Beth Katz, founder and executive director of Project Interfaith, wrote this guest blog for momaha.com
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Though I am not a parent myself, I am a friend, relative and colleague of many parents of school-aged children.
Several have approached me because of my role with Project Interfaith to ask about available resources and best practices for raising their children to be spiritually healthy and self-assured, but not spiritually myopic. These initial conversations led me to see that parents today face a very different environment for raising children than parents of even a generation or two ago.
Not only do children in the U.S. these days live in one of the most religiously-diverse countries in the world, they are increasingly exposed to this diversity in their neighborhoods and schools, through the news media and online, and in popular culture. For children growing up today, this diversity is just part of their daily lives.
But this can present distinct challenges for their parents, who may not have grown up with such diversity and who live in a society where it is still, for the most part, taboo to openly and respectfully learn and talk about religious and spiritual diversity. And despite the glut of information available online, it can be hard for parents to know which sources are credible educational resources and which ones are not.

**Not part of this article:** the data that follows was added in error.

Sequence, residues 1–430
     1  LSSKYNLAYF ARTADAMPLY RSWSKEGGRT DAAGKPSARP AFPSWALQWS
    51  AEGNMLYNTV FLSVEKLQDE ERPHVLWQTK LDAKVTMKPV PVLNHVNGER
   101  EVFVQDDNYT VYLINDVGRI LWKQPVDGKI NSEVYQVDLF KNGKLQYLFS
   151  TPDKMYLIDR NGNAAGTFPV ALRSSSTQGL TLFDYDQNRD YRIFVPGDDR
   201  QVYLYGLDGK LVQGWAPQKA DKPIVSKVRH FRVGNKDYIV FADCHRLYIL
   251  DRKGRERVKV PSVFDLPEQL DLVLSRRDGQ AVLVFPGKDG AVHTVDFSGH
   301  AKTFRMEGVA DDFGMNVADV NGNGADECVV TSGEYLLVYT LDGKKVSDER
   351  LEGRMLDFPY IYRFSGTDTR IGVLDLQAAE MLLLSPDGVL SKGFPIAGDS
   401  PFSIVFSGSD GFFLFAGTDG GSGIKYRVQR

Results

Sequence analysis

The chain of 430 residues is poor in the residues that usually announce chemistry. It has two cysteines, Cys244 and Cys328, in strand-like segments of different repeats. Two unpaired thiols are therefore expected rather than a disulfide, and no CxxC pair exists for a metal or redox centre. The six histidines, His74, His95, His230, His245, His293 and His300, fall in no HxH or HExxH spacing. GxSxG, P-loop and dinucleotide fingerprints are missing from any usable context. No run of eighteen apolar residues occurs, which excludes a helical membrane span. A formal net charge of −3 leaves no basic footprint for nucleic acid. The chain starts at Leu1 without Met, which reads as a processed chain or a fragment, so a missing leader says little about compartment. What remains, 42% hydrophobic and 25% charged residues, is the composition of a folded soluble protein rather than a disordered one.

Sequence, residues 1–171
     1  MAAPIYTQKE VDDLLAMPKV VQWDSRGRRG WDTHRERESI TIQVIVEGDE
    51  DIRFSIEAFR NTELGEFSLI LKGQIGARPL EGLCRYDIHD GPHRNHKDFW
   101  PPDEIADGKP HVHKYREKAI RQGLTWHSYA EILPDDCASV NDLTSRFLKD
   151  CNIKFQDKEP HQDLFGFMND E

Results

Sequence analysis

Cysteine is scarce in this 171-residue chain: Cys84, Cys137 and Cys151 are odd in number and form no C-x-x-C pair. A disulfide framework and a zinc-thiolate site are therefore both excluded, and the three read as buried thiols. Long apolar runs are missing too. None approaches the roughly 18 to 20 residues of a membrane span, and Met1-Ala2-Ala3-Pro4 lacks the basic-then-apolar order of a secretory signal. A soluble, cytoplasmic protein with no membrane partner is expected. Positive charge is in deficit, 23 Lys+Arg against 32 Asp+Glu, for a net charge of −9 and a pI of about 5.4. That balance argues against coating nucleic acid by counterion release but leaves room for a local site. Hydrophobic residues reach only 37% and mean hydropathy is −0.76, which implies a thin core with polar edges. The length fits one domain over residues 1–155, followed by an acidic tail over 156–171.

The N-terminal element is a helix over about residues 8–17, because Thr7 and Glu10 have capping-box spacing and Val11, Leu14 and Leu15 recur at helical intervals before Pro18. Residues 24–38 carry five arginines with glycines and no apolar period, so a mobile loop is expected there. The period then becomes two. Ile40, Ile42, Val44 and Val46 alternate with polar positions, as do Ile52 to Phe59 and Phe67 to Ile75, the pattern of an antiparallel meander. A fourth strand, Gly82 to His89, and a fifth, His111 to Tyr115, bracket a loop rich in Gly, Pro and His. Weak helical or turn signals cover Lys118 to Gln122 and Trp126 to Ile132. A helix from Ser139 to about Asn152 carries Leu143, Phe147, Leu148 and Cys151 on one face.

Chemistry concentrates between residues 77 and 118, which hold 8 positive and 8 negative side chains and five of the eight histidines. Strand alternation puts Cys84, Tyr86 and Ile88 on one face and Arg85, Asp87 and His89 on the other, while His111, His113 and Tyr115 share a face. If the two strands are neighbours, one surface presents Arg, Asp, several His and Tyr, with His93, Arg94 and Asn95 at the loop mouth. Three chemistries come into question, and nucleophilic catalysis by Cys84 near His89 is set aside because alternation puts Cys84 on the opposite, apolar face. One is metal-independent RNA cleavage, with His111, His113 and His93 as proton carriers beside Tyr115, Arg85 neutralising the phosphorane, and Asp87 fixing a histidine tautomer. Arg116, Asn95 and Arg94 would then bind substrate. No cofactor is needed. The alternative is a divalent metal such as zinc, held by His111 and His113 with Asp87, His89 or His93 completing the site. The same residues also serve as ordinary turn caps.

We at Project Interfaith are excited to partner with Momaha, Countryside Community Church, the Jewish Federation, Jewish Family Services and the Anti-Defamation League to provide a program that can help parents know how to navigate this topic with their children.
On April 11 at 7 p.m., we’ll be hosting Dr. Chris Boyatzis, who has focused his research as a scholar at Bucknell University on spirituality and child development. Boyatzis will highlight what research tells us about how children develop a spiritual identity as well as how they understand differences. He then will share suggestions for how parents, caregivers and others who work with children can foster healthy spiritual development in children while also cultivating an appreciation for those of other spiritual identities.
We’ve also invited local child and family development organizations to have booths at this event so that attendees can get connected with other educational resources on this and related topics. The program will be held at the Jewish Community Center, 333 S. 132nd Street, and is open to the public. On-site child care is available for a fee but you must register in advance in order to receive it.
Full details on this program are available at projectinterfaith.org or by calling the Project Interfaith office at 402-933-4647.
We invite parents, grandparents, educators and any interested community member to join us for what promises to be an educational, practical conversation about a very timely topic.
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